Rent subsidies are part of a larger system. Every renter has a landloard, who bought the building, pays the mortgage, and pays for repairs, marketing, etc. Every landlord has a real estate market s/he bought the building in, and in which s/he will eventually sell the building back into. As homeowners we, too, are part of that real estate market. Rent subsidies have the immediate effect of helping the poor afford an apartment, and also have the effect of keeping the landlord profitable The landlord is thus willing to hang to his building for a higher price, because commercial real estate prices tend to be a multiple of the income derived from it. In turn, this tends to keep all real estate prices higher, since "comps," that is the prices of comparable properties, strongly affects prices. This begs the question of who exactly we are helping by subsidizing housing.

Food subsidies are part of a larger system. One of the relics of depression efforts to keep all prices high is food price supports. In addition to price supports, there are billions of dollars of agricultural subsidies. Thus food stamps are a grand bargain between agricultural states and the advocates for the poor. Food is more expensive than it needs to be, thus the poor need subsidies to afford it. Because the poor can now afford food, there is no moral or financial need to reduce food prices.

Medical subsidies are part of a larger system. Although this is starting to change in a small way (e.g. health savings accounts) we have a veterinarian system of medicine. That is, the patient isn't the payer. Since it is someone else's dollars paying for care, we care less about the price. Paradoxically, while the cost of health care is increasing, the income of physicians is stagnating or decreasing, because the intermediaries between doctors and us have significant control of the flow of care and dollars. As long as our care is subsidized, prices will remain high, thus providing a moral justification for medical subsidies for the poor (Medicaid). We pay taxes to keep the poor healthier, so we can justify our own subsidies for health insurance.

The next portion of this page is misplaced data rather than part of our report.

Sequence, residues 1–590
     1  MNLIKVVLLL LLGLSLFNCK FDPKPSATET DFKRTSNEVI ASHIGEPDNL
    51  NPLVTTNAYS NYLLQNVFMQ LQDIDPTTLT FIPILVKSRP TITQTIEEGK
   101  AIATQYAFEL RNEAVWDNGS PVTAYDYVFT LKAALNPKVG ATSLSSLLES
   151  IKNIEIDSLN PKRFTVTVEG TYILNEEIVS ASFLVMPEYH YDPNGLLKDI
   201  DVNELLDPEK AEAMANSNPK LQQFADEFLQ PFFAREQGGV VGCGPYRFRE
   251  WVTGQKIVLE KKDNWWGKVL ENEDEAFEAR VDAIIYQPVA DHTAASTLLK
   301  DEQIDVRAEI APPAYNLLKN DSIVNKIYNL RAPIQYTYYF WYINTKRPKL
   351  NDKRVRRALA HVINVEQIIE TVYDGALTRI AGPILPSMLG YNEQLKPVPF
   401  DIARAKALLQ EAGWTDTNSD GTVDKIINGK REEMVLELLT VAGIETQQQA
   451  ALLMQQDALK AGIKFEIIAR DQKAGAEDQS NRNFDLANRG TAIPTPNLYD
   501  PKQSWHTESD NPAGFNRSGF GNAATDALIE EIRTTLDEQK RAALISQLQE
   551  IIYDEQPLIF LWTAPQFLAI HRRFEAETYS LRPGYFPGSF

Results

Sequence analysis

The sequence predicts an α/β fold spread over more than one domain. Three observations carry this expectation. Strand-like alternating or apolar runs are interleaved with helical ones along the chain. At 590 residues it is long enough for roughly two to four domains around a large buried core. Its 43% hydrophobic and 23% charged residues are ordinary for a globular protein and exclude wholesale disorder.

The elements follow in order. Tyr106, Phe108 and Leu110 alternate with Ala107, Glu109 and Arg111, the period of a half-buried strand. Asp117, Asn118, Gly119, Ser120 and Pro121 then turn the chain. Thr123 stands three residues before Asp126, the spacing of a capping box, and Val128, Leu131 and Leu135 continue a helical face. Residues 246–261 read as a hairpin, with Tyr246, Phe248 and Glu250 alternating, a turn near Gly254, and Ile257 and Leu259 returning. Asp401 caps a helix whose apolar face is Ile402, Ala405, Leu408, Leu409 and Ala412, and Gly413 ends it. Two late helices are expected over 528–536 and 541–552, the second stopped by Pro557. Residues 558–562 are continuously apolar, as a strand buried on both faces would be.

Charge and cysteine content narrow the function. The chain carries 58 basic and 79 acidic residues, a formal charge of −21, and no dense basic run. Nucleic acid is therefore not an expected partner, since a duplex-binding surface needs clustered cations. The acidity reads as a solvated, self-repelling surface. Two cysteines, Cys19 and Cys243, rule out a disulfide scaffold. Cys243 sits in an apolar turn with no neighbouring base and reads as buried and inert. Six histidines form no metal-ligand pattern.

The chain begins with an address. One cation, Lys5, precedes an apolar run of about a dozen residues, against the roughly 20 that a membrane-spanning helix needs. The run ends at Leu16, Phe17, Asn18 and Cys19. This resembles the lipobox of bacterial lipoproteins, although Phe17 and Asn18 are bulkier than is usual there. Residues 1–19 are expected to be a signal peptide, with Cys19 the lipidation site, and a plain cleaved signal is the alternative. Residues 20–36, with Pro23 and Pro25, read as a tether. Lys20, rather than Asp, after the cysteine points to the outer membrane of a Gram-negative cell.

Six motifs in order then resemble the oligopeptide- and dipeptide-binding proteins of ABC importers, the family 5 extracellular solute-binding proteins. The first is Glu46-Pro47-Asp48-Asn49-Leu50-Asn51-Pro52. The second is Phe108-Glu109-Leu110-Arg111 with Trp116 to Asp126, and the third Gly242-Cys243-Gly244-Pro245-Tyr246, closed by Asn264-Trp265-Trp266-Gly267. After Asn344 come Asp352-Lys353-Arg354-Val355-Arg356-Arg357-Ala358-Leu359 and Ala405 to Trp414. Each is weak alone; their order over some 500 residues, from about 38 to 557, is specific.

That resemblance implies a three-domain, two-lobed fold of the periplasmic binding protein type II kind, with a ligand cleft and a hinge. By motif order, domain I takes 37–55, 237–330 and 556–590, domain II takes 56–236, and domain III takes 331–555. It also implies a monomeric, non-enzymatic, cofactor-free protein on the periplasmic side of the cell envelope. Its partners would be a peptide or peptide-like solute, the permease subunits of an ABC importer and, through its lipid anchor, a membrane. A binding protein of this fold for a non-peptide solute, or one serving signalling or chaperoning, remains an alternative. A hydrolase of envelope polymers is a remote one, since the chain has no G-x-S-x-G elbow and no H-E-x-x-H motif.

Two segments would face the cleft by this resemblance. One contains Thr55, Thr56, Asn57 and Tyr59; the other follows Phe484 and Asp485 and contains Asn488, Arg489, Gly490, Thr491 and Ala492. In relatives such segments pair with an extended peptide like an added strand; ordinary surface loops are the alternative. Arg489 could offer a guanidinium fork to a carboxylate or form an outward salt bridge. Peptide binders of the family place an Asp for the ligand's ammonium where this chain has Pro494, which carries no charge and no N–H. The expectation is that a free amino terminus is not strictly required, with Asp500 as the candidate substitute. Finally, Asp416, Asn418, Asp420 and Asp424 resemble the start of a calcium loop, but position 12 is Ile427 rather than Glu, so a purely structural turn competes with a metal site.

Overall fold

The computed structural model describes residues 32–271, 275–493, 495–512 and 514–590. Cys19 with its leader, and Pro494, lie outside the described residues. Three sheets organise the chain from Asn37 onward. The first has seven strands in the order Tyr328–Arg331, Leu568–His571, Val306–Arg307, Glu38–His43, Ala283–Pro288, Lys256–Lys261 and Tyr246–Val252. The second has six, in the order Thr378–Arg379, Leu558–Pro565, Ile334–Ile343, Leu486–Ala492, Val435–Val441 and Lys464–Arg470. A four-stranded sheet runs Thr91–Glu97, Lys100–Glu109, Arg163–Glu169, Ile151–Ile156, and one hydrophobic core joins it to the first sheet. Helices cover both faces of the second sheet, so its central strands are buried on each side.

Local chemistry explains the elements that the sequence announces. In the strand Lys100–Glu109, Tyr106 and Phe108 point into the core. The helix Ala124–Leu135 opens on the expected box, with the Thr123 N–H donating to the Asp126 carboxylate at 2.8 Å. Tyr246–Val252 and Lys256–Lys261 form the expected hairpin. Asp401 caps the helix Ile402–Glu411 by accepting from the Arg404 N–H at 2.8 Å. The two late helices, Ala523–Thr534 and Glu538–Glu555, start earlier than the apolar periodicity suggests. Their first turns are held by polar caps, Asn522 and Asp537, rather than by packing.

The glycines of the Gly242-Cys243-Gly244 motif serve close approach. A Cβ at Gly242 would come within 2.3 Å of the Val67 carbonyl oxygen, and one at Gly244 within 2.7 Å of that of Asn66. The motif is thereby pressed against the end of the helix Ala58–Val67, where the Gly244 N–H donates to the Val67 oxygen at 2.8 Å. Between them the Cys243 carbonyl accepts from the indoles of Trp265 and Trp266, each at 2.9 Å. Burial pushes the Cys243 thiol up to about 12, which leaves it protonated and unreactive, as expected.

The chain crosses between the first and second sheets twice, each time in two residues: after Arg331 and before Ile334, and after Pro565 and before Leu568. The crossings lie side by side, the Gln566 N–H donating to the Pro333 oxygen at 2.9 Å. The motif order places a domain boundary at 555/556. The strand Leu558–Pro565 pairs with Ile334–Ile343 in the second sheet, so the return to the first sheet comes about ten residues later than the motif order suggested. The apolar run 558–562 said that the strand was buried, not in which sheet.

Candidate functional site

The solution is to reduce everyone's cost, both for us and the poor. The kinds of solutions that do this have been discussed ad nauseum, for over a century. There are focused constituencies who have prevailed in the political marketplace to maintain high prices at everyone's expense. This is called corporate welfare. This is called plain old welfare. The public choice people have shown how broad interests with low concern cannot defeat narrow interests with critical concern. The problem is endemic.

No society has solved the problem of poverty in free, developed economies anywhere on the planet. No one has solved the problem of complicity of the non-poor in poverty in free, developed economies anywhere on the planet. It isn't clear whether these two problem are 1)insoluble (perhaps Tom Wolfe's view, or perhaps he merely observes), or 2) correctible through the power of government (Liberal view for 100 years), or 3) correctible through greater freedom from government (Hayek, Von Mises view), or 4) correctible through better legal systems or other social engineering (i.e. not invented yet).